You should also consider the one-way viewing-lens of the media. Here in the US (and, in Israel, as well), we have a filtered and selective process of media distribution. ....all for the misperceptions spun out by the media.

If you think the media in the west is filtered and selective. Can you imagine what happens in a totalitarian patriarchal society, in which the regime wishes to funnel the people away from its malfunction and deliberately turns it towards other focuses? And the society is often happy to oblige the pointing and blame the other rather then self (Well known phenomena in the west too).
As someone once said: "democracy is not the best sort of regime, it's only that, the other regimes are worse."
The same could be held true towards media in the west, you still get way more plural and objective overview of the other side then most people in the Middle-East get. And the western society is much less recruited towards national and religious beliefs compared to the middle-east (perhaps this is the point to remind you most of the nations here were only declared in the last 60 years and had to be liberated from European colonist occupation).
The media situation is slowly improving, and thus improving the openess of the public opinions to other views, but this process is very slow.
And to get back to the point I referred to in the previous post: the masses seeing the "western way of life", its not the news I was talking about, rather the series and movies. How much poverty do you see in those? What is the common standard of leaving compared to the standard in Egypt?
Can you be surprised the masses feel you are stealing from them, once you have meat and eggs every day? And a private car per person? And you can change your cloths every day ...
While they sometimes hunger for a day and get meat once a week? And have to hung on the outside of the bus to get to work? And millions still do not even have a roof to their head?
(I know there is a lot of poverty in the US too, but the levels of it you see in the entertainment media would seem like riches to millions in the rest of the world)

the classist and economic aspects.
Not sure what you meant by this.

Amir

Neil Mick
12-12-2006, 11:26 AM
In the end, you get to an impossibly complex region, created and varied daily by the combination of all the above factors. Anyone who tries to pin-point everything to a single point, is simply misleading you due to his own interests.

yes, but...

Its as absurd when one thinks of the US invasion to Iraq as the main and most important source, as thinking only of Islam extremism or of Israel existence / occupation of territories, or control over oil, none of these issues exists in a vacuum, they all exist within the very complex weave of the region.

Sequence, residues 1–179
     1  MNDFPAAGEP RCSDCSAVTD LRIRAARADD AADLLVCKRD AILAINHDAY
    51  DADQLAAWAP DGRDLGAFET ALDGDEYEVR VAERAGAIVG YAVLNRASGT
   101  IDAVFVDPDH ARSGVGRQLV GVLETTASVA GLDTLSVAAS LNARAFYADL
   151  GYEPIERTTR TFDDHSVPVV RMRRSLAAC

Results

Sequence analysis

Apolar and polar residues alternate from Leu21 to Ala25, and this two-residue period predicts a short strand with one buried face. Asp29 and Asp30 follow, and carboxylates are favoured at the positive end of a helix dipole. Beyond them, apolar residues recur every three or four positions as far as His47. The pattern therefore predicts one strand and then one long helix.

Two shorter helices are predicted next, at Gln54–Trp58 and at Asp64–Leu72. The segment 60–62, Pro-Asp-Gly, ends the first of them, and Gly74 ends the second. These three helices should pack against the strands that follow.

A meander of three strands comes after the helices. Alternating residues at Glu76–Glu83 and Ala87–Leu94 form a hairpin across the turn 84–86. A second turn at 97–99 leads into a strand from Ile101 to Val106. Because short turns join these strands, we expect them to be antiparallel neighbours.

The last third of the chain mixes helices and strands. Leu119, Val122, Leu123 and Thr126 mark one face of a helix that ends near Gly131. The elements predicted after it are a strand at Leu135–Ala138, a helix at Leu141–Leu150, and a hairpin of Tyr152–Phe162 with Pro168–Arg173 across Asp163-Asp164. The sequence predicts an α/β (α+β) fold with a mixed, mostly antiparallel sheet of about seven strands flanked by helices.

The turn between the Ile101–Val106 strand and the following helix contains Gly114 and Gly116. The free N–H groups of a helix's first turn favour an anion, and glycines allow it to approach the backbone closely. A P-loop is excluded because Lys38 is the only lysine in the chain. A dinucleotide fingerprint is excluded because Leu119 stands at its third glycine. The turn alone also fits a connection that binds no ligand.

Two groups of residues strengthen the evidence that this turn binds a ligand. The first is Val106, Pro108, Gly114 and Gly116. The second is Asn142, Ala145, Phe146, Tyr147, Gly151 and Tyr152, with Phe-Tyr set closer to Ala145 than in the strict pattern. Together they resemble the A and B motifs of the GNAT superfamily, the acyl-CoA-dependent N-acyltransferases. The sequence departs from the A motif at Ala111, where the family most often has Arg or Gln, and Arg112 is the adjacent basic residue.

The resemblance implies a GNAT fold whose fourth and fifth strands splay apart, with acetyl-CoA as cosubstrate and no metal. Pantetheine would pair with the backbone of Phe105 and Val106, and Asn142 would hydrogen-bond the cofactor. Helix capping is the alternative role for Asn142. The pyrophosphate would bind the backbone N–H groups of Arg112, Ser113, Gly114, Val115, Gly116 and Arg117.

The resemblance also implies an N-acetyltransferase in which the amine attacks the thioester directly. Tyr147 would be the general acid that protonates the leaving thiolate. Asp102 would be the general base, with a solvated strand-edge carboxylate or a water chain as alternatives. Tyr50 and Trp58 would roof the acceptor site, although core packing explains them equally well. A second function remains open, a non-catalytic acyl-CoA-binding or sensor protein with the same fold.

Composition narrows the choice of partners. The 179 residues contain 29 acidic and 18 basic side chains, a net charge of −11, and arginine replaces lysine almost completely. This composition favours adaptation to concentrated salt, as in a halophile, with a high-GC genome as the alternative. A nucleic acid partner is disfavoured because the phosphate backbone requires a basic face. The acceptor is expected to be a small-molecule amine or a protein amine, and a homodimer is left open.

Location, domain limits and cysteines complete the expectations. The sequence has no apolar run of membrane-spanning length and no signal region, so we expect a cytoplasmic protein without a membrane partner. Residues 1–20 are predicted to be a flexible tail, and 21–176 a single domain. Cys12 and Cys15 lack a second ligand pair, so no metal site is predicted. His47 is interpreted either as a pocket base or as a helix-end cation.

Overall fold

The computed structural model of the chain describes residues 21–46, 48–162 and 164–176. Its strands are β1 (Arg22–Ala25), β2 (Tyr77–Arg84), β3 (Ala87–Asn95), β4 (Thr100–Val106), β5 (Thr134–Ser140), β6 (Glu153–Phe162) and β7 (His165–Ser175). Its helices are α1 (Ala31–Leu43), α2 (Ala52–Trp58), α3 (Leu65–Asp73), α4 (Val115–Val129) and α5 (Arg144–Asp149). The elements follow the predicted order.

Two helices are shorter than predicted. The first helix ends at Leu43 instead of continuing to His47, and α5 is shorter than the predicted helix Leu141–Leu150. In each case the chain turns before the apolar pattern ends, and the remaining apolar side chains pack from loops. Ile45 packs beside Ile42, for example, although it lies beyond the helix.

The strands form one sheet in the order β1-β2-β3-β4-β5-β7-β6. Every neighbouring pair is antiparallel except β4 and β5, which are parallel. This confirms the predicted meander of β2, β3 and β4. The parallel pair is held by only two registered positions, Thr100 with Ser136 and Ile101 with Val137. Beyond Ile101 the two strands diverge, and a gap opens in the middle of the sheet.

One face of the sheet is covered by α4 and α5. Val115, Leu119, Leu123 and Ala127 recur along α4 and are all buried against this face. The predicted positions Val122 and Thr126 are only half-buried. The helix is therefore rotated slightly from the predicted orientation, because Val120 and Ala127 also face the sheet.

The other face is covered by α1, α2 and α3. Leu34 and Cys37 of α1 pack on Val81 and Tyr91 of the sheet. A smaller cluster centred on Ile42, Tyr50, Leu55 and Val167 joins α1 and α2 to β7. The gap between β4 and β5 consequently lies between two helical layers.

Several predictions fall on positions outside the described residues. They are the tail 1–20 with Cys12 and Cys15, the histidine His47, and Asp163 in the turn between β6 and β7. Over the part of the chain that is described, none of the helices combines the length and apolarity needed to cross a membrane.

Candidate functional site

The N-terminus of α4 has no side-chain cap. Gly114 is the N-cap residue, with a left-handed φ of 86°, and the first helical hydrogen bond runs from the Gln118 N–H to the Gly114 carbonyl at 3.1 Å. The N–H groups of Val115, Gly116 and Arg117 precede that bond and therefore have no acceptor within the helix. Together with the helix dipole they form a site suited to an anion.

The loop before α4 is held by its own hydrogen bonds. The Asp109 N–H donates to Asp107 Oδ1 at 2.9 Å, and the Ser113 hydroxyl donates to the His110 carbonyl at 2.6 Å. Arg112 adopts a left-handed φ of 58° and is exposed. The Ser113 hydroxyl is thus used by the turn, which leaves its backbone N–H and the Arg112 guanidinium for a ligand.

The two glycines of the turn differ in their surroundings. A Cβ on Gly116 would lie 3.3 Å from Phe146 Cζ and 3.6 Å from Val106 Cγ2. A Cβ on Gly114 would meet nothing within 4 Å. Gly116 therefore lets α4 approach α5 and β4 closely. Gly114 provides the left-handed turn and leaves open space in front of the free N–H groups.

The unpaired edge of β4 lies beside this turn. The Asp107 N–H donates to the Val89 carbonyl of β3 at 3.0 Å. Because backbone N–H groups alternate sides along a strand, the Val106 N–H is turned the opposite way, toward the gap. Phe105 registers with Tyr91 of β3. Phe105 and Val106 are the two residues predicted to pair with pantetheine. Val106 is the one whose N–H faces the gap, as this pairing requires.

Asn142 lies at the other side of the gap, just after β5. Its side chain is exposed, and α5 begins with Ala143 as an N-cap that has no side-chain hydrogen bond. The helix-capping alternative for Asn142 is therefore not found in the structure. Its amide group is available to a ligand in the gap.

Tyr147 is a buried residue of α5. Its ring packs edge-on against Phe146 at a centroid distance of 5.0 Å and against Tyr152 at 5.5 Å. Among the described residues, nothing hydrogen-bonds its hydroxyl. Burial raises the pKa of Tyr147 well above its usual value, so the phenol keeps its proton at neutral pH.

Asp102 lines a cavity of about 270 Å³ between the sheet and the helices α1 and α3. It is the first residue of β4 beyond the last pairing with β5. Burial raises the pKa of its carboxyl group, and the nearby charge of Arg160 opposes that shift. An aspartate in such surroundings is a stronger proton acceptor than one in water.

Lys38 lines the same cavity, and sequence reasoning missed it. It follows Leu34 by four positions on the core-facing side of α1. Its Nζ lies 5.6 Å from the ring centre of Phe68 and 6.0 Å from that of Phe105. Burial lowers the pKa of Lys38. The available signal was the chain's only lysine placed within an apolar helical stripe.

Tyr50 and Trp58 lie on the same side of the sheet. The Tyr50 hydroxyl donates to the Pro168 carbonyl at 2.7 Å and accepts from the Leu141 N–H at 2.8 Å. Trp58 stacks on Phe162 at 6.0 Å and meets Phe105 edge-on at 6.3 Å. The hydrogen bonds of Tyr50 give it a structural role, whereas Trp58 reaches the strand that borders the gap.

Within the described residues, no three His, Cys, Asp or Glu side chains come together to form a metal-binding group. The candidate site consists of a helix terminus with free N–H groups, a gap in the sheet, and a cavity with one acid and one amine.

Yes, agreed. It is an impossibly complex region. You didn't even mention the cultural factors, to further complicate the issues.

But, there ARE huge problems that, if they were solved, would go a long way to stabilizing the region (nothing, of course, is a "cureall").

Resolving the two Occupations, and peacefullly resolving disagreements of Israel's borders would bring us all a lot closer to peace, IMO. Are they permanent solutions? Obviously not.

A solution to each of these problem is worthy, but should realize such a solution will be limited to the one problem solved and may even complicate some other aspects of the knot, due to some implication coming back to hunt you from the long history of the region or some other party interest.

Yes, well: as I said, it's not a cureall, but it's a good start.

If you think the media in the west is filtered and selective. Can you imagine what happens in a totalitarian patriarchal society, in which the regime wishes to funnel the people away from its malfunction and deliberately turns it towards other focuses? And the society is often happy to oblige the pointing and blame the other rather then self (Well known phenomena in the west too).
As someone once said: "democracy is not the best sort of regime, it's only that, the other regimes are worse."

I assume that you are talking about the Arab media. This might all be true, but the sheer number and diversity of opinions within the Arab media is staggering.

I can (and often do) tune in to Mosaic, (http://www.linktv.org/programming/programDescription.php4?code=mosaic) on LinkTV, to hear some of the latest in the Arab news. Believe me, it is not the monolithic, patriarchial institution you make it out to be.

The same could be held true towards media in the west, you still get way more plural and objective overview of the other side then most people in the Middle-East get.

Sorry, but this is simply untrue. It might have been true in the '80's, but by the '90's: corporate mainstream media started putting the screws to anything but "happyface" journalism.

It's why we went into Iraq, in 2003. Happyface journalism brought a
parade of the military onto the airwaves, with almost no voices to the contrary (of invading), even as we were turning out record numbers to march against it, all over the world.

Corporate mergers have gutted the American press. Long-time editors with years of experience are quitting in droves, when the order to cut the pressroom are coming down from the top.

This is not a measure of our "free" society: it's more a measure of corporate acquisition run amok, as the supine gov't lets it all happen.